When German Chancellor Angela Merkel announced last August that her government would allow unregistered refugees to come to Germany, she set off the biggest migrant wave since the Second World War.

Despite the negative effects this huge influx of people has had on the German economy and society, such as the mass sexual molestation and rape of hundreds of women last New Year's Eve in Cologne, increased crime and concerns for personal safety among native Germans, supporters of Merkel's action believe it was nevertheless justified by the humanitarian emergency and the need to save lives.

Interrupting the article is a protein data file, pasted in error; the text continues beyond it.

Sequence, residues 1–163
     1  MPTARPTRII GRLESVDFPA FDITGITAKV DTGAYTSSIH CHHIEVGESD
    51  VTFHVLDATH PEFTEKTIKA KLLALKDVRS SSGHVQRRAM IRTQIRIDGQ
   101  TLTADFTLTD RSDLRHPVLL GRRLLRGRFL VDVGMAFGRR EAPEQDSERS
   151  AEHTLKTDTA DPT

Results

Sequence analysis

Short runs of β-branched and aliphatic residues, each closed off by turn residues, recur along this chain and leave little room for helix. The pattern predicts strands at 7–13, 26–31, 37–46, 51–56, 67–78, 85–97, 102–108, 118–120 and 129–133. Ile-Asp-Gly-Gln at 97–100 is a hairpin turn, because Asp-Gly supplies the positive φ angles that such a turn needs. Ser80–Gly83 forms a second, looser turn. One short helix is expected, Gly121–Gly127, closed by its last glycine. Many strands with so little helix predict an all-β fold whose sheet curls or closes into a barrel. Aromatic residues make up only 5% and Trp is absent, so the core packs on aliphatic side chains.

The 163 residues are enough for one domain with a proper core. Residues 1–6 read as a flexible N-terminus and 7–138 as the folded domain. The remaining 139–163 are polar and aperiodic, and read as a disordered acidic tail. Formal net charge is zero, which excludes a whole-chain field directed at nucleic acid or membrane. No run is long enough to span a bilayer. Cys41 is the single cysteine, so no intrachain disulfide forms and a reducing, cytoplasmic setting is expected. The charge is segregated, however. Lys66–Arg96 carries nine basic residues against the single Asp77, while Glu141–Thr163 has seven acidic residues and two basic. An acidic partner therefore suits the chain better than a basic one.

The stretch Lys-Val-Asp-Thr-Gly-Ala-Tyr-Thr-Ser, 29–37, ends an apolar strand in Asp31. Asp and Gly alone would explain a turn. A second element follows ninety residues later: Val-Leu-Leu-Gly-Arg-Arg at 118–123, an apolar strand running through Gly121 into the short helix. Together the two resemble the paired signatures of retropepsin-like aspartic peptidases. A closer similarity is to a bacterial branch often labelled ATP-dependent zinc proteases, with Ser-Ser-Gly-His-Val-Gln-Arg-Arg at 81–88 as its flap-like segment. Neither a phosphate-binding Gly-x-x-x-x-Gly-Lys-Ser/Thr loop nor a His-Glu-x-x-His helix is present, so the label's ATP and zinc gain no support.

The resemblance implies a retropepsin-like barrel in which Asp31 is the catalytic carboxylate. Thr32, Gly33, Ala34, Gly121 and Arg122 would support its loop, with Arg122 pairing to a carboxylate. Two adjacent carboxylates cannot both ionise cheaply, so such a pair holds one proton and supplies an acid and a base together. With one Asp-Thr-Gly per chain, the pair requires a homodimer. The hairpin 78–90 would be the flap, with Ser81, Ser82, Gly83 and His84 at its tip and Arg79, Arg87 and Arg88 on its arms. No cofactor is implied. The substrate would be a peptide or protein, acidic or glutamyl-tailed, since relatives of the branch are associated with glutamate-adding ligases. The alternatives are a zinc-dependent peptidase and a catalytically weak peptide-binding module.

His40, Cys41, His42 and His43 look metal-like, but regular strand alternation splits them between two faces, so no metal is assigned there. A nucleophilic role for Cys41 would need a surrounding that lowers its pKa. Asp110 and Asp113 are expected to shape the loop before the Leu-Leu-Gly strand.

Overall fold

But in an exclusive and revealing interview with the German newspaper Die Welt, an internationally recognised migration and Third World expert, Paul Collier, author of the book Exodus: How Migration Is Changing Our World, convincingly debunks this myth. Collier, a former director of the World Bank who currently holds an economics professorship at Oxford University, believes Merkel's open-doors decision "...did not save a single Syrian from death."

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